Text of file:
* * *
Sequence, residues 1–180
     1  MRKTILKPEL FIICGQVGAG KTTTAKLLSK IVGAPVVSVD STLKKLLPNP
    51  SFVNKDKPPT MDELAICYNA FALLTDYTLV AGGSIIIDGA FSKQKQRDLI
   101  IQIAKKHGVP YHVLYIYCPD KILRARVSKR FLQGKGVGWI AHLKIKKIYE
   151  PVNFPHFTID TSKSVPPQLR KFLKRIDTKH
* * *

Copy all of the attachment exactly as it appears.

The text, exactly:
Sequence, residues 1–180
     1  MRKTILKPEL FIICGQVGAG KTTTAKLLSK IVGAPVVSVD STLKKLLPNP
    51  SFVNKDKPPT MDELAICYNA FALLTDYTLV AGGSIIIDGA FSKQKQRDLI
   101  IQIAKKHGVP YHVLYIYCPD KILRARVSKR FLQGKGVGWI AHLKIKKIYE
   151  PVNFPHFTID TSKSVPPQLR KFLKRIDTKH